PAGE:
By Natalie Rayment
The community initiated a state ministerial call-in of a development approval for the West Village Project at West End. A ministerial call-in allows the relevant Minister to decide a development application; even if the local council has already made a decision. In fact, Brisbane City Council had already approved the development and it was midway through the court appeal process when called in.
Council’s approval limited the height of future buildings on the site to 15 storeys as per the local plan requirements. This was an outcome negotiated by Council during the development assessment process in response to community concerns about building height. Originally, 25 storey building heights were included in the proposed design.
The ministerial call-in was recently approved. It allows for one of the approved buildings to have a height of 22 storeys. With many residents concerned about building height, what exactly did the ministerial call-in do?
The outcome of the call-in is that taller buildings are allowed, resulting in smaller building footprints. This creates more public accessible open space which was another key concern of residents. Another outcome is that the decision has been settled without a lengthy and expensive court appeal process. A minister’s call-in decision is final and cannot be appealed in court, unlike the original approval decision by Council.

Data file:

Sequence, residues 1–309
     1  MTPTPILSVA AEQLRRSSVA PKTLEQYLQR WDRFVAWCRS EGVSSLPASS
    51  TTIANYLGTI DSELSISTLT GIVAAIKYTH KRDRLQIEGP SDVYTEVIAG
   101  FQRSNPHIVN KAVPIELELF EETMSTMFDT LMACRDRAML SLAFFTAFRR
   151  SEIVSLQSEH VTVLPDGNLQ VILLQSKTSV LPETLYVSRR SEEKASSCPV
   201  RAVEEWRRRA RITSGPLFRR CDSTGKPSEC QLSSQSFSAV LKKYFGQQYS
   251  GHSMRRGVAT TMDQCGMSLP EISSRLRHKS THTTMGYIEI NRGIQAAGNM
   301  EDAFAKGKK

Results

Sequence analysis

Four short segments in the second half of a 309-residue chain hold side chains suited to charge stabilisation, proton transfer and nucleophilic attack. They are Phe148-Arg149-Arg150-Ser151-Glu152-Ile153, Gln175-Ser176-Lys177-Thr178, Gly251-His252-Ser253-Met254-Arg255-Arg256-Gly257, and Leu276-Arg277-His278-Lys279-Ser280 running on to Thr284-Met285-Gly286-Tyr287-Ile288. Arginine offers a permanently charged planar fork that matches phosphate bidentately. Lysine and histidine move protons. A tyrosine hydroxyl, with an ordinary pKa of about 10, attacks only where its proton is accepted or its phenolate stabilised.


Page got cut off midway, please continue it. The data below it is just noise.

Ultimately, the approval of the West Village project enables good development outcomes to be achieved through the creation of community dividend, the promotion of sustainability, the support of innovation and the delivery of design excellence.
Community dividend is created by the provision of more open space. The approval requires that 30% of the site be publicly accessible open space. The community will also benefit from a new childcare centre, 500m2 of dedicated community space, a knowledge space/co-working hub (seed funding or space will be provided), an artist in residence program and a suite of temporary and permanent art installations.
The community and the environment will benefit from an approval condition requiring that the development achieve a 5-green star rating. Innovation and sustainability outcomes are supported too as the development has been conditioned to provide 20 publicly accessible bicycle parking spaces, 8 electric vehicle car charging stations and 10 publicly accessible car parking spaces to be used for a future car share scheme. These parking spaces are in addition to the standard car parking rates that apply to the residential and commercial aspects of the development. The approval supports design excellence through a condition requiring subtropical building design excellence.
What happened with West Village is that good development outcomes have been achieved despite the proposal exceeding the local plan height parameters. Greater building height has been offset with expansive public open space resulting in a better outcome for the community and one that remains feasible for the developer to deliver.